RBM training time depends on several parameters, most importantly from a number of iterations, number of Gibbs sampling loops and a size of weight matrix. First 2 are easy to manipulate, while the last one depends is always $m \times n$, where $m$ is a number of visible and $n$ - number of hidden units. So actual time complexity of training RBM with respect to the number of features is $O(m \times n)$.
Unfortunately, there's not much you can do with it. Unlike input data, weight matrix has to be dense to be able to sample hidden units from visible ones and vise versa. You can play around with a number of hidden units, though, but don't expect RBM being training at the same speed as SVM or logistic regression, for example.
Note, that if your data has a notion of locality (e.g. nearby pixels on an image or words in a text), you can also try out convolutional networks which have much smaller weight matrices and often produce better results.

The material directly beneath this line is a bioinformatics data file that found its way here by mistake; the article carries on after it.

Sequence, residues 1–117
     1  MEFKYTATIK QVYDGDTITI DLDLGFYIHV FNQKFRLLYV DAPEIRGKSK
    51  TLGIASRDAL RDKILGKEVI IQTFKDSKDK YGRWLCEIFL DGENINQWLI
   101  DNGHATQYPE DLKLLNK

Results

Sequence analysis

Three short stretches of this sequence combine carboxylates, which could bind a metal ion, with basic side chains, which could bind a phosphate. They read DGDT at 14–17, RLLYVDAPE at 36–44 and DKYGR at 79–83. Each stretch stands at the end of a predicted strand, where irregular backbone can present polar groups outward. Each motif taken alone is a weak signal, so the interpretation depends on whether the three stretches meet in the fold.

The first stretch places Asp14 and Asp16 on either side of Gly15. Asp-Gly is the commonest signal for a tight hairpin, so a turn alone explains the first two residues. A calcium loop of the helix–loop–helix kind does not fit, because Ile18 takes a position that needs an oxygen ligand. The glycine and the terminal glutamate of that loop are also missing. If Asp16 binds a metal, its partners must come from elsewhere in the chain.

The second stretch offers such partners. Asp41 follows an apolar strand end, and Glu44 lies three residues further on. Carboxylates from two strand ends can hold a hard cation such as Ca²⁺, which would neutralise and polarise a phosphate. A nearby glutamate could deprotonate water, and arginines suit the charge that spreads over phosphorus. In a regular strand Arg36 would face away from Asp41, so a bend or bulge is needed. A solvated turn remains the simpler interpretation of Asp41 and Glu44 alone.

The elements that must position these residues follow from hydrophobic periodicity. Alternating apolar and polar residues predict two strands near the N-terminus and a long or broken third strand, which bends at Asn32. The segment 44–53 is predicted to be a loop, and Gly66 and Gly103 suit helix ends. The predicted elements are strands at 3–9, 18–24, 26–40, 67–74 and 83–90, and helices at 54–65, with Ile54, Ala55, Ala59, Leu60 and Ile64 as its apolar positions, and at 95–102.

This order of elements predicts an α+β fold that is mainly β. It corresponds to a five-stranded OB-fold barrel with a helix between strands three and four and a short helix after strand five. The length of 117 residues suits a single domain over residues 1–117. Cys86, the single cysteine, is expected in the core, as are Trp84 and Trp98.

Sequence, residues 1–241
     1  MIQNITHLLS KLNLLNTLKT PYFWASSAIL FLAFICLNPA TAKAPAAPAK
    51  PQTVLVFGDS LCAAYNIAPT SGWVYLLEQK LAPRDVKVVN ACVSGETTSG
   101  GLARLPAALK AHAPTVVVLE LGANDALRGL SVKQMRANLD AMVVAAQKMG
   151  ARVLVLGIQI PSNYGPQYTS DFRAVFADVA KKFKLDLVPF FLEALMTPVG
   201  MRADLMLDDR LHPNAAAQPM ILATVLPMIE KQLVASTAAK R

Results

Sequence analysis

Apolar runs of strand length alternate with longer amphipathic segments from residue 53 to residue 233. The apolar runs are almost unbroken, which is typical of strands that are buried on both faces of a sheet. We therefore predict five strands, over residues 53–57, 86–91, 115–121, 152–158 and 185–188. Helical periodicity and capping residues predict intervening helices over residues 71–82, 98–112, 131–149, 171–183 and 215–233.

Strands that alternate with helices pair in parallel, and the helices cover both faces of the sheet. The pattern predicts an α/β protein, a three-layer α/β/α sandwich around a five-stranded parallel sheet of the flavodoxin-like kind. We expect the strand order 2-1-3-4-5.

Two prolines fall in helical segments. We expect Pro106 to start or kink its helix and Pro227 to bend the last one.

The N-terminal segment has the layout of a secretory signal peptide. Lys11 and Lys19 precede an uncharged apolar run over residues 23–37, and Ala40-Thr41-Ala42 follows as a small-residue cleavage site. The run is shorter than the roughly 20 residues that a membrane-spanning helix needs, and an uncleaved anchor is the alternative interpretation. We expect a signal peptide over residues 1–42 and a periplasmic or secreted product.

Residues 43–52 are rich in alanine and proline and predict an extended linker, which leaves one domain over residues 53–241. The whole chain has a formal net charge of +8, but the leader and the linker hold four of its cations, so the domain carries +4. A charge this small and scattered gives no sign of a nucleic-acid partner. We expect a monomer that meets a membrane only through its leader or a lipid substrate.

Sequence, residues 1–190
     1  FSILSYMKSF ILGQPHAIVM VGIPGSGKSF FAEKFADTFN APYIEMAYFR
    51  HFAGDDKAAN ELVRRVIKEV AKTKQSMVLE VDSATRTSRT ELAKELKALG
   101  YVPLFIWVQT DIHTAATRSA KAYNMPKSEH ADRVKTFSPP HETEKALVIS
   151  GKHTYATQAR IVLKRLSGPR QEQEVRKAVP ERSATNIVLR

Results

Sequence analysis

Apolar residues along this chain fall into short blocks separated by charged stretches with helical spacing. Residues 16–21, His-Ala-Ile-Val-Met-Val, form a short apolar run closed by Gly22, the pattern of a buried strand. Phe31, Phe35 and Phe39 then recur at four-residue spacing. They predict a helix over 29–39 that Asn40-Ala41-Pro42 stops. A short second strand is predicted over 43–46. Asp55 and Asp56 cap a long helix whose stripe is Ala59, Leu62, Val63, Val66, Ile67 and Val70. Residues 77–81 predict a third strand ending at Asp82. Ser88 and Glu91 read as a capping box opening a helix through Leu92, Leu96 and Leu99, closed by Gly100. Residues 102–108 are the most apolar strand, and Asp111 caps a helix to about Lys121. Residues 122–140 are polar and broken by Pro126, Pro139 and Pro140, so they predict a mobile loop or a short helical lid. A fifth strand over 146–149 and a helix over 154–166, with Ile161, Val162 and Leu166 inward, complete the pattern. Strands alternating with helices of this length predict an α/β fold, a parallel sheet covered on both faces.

Yes, SciKit Learn includes only BernoulliRBM, which is RBM with binary units. However, it doesn't apply any constraints on input data. It turns out that BernoulliRBM can handle real-valued data (e.g. image data) pretty successfully, even though theoretical implications of such a hack are unclear.
If you are looking for strictly real-valued RBM and using something different than Python/SciKit Learn is an option for you, also take a look at Boltzmann.jl - my implementation of RBM in Julia heavily based on sklearn's version, but also including Gaussian RBM. More time-consuming, but helpful alternative is to port GRBM back to SciKit Learn, which basically requires only rewriting a couple of methods for sampling.
Usage of RBMs other than pretraining
RBMs are useful not only for pretraining in deep networks, but also for representation learning (feature extraction), dimensionality reduction, probability distribution estimation (and thus sampling) and many other tasks. I've successfully used them for retrieving facial expression "modes" from images of emotional faces and analysis of last.fm data. RBMs are quite popular in recommendation systems (e.g. see paper by Salakhutdinov or another by Netflix Prize winners), music retrieval and different applications of natural language processing.